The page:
Wearability: While not really any skinnier than our PPS, the shorter barrel length does make it more comfortable to wear. Wearing this at the 3:30 position keeps it close to the body and the muzzle barely reaches below my 1 1/2 inch belt. No gun poking you in the leg.

The Bad: Yes, there are bad things. The slide tension rules out Sharon ever being able to lock the PM9 open. The first-round jamming is a concern but may go away after the break-in period. Perhaps a cleaning of the magazine might help if the spring tension is at fault. If this were normal functioning, then you would definitely have to keep “one in the pipe” for self defense purposes.

Kel-Tec P3AT vs Kahr PM9 for size

The Summary: Jury is still out. I LIKE this gun and I WANT to like this gun, but it didn’t just fit like a glove. Conceal-ability is not much better than our PPS by width and just an inch shorter. If you could get this gun and use it for a while, I am willing to bet you will like it. It’s made better, feels better and looks better, but is it BETTER than other sub-compacts??

May 16 2009 – Part 1 (Kel-Tec P3AT)

May 16 2009 – Part 1
My Gun-Blog will have to be split up into 3 parts today because there is a lot of information to record. Here in the first part will be the discussion of the Kel-Tec P3AT. Part 2 will be the Kahr PM9. Part 3 will be about my wife, the men she attracts and her new love. (You’ll just have to wait for it)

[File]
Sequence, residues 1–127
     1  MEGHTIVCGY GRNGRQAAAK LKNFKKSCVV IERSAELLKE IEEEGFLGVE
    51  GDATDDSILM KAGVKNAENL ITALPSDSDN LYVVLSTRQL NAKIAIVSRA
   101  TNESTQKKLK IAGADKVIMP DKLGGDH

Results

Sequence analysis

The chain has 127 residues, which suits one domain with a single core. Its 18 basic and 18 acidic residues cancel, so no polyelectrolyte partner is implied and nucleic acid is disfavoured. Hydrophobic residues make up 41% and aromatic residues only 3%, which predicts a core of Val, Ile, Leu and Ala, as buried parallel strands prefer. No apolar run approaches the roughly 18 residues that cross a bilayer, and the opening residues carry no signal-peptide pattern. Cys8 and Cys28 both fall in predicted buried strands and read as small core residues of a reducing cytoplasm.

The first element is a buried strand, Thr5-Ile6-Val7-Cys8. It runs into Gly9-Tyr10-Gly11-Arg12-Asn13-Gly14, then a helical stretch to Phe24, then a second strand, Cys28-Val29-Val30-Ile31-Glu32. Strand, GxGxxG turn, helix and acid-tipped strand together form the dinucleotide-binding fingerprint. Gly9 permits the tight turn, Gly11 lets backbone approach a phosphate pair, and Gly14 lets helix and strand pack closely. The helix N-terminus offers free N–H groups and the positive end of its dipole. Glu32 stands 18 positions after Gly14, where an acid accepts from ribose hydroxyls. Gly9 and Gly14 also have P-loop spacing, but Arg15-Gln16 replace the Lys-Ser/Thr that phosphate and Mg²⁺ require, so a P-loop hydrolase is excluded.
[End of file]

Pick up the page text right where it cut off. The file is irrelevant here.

We have shot the Kel-Tec P3AT before but it went through a deeper exam this time. This is great .380 gun IF your only concerns are size and weight. Weighing in at 9.5 oz loaded, the P3AT is the lightest gun we have evaluated and, of course, the smallest. The size easily permits a pocket or purse holster as well as the traditional carry holsters. I don’t believe that anyone should ignore the .380 guns as self-defense guns either. Six rounds of SPEER GOLD DOT 90gr. .380 should stop any danger that an average person will encounter. There aren’t that many bears roaming our neighborhoods and few robbers are wearing body armor. The P3AT fires a fairly accurate pattern at 25 feet that would poke some serious holes in the center of an aggressor. This model we borrowed also has a laser mounted on it for quick “target acquisition”. The sights are a strange crescent where the front site finishes the pattern but I found I was better using the sights than using the laser. The sites would be completely useless in low light situations, giving the laser the +1 in those instances.